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The Montessori spindle box is one of first activities in a Montessori math curriculum.
While it seems to be a pretty basic activity, it is an important one to reinforce:
- the concept of careful counting
- the concept that a numeral is associated with a certain quantity
- the concept of zero
- the sequence of the numerals
- giving the child a sensorial grasp of few vs. many
The Montessori spindle box is one of the easiest and cheapest to DIY.
Here’s our DIY Montessori spindle box:
- 11 long baskets (I purchased mine from the dollar store for $0.30 each)
- 45 unsharpened pencils (I prefer pencils so the child can get a good sensorial grasp of each quantity bundle)
- Numbers 0-9 (You can either pre-attach the numbers to each basket, or if your child already knows how to arrange them in order, you can add that challenge for them too)
Note: If you decide to split the spindle box to 0-4 and 5-9, then you will need to adjust the number of pencils accordingly so that there are exactly enough for the corresponding numerals, no more, no less.
Here’s how I keep it on the shelf:
How to present a lesson on the Montessori spindle box
Here’s how I presented the lesson:
- I told him the name of this new activity and where it’s kept on the shelf.
- Then I gave him a demonstration of how to do this activity.
- First, lay out all the baskets in a row.
- Then, arrange the number cards in order, starting with 0.
- Then, starting with 1, take out the corresponding quantity of pencils and place them on the mat, then re-count them carefully before placing them into the basket.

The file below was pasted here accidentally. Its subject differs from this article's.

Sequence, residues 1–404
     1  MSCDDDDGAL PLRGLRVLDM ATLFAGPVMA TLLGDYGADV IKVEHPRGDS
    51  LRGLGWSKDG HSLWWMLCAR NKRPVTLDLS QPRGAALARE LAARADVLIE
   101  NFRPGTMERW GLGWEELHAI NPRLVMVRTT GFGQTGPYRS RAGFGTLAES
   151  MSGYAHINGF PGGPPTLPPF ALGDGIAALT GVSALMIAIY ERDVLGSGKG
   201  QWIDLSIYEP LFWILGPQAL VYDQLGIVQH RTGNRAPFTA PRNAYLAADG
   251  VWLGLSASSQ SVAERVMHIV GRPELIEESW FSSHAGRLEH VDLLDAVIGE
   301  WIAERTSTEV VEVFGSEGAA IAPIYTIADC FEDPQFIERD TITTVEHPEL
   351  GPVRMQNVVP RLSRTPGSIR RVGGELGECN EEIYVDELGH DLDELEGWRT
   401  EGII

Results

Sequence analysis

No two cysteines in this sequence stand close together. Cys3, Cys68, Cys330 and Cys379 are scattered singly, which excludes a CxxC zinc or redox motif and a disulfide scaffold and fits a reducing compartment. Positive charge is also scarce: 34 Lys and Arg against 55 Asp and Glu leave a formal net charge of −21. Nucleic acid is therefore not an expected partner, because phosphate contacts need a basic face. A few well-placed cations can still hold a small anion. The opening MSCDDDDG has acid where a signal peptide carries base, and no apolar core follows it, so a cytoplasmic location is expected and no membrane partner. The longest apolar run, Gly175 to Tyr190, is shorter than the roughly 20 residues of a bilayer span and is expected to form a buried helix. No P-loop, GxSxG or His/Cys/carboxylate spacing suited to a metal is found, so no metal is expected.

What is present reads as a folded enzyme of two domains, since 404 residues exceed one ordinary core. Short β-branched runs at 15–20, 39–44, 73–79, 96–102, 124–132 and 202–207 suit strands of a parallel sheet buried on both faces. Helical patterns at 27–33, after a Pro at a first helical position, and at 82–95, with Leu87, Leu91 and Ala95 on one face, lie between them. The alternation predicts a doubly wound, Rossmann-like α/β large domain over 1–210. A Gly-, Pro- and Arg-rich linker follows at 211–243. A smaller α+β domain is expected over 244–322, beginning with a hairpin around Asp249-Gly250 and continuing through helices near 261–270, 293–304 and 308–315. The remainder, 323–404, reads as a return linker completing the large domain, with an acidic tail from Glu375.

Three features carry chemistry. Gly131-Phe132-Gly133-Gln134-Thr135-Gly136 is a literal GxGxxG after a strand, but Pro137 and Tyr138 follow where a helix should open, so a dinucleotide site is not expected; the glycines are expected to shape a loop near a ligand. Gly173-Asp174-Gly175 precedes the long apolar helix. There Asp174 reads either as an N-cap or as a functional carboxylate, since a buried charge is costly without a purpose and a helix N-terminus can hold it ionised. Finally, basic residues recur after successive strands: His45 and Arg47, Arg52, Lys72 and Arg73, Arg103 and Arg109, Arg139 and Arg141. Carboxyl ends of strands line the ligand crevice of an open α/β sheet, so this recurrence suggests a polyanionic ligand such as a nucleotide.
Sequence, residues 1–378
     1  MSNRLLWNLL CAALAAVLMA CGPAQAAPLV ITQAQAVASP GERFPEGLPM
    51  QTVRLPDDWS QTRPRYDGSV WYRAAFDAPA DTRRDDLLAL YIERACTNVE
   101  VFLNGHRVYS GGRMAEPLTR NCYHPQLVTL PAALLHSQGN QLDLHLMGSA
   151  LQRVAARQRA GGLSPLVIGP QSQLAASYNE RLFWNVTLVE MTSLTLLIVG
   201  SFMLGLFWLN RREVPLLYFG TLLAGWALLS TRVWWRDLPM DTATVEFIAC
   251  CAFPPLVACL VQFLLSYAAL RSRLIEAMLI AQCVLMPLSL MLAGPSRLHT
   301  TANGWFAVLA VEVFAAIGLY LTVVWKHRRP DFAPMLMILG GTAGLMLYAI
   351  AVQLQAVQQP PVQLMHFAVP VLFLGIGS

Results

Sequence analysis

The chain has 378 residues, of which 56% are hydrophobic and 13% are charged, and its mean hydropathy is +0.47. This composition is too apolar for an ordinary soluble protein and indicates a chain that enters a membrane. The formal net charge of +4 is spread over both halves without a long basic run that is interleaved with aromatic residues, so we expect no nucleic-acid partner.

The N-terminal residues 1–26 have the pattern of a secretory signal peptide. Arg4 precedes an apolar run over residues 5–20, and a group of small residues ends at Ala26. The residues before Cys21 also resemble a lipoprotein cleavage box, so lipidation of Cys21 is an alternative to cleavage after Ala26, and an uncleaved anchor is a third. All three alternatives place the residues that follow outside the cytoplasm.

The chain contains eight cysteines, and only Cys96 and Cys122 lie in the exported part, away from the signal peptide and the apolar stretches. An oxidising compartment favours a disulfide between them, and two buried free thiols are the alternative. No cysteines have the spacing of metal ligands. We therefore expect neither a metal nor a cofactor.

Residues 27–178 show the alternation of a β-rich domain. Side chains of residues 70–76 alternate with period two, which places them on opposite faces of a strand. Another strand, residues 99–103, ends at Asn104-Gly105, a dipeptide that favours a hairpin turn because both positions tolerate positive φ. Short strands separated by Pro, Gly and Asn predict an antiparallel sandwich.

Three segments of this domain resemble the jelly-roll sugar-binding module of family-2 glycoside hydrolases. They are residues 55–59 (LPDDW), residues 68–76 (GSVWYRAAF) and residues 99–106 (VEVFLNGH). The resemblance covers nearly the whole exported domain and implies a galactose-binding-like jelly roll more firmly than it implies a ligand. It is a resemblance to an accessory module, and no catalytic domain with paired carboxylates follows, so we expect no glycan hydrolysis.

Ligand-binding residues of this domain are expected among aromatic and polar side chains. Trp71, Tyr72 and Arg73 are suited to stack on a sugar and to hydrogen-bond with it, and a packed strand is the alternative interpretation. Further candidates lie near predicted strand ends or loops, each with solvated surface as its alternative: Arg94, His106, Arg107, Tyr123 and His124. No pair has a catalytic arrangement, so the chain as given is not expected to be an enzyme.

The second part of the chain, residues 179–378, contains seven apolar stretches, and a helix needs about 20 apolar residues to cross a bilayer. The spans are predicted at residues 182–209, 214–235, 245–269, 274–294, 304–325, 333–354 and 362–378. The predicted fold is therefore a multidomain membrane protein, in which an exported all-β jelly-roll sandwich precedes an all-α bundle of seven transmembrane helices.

- I asked him to grab all the pencils in one hand, in a fistful, in order to place them in the basket. The reason for doing this is to have a good sensorial grasp of the quantities.
For more details, here’s a written and video lesson for your reference.
Here he is working on the Montessori spindle box at 3 years old
- At 3 years old, Z is still pretty young for Math. I’m charging ahead because he has a voracious appetite for anything to do with numbers now, but being young, he gets easily overwhelmed after about 4-5 baskets. What I will do is remove baskets 6-9 so that he has a chance to complete his work independently. I will probably re-introduce one additional basket at a time until he can finish all of it.
- I want to teach him how to align all the pencils on the table after grabbing them and before placing them into the basket. I’d like him to have that extra few seconds of grasping those pencils so that he can have a really good sensorial feel of the quantities.
Here’s what else we are working on in Montessori Math at 3 years old.
As a side note, Montessori observations are very important to understand where the child is on his development – click here to read my simple but profound experience (at least for me.)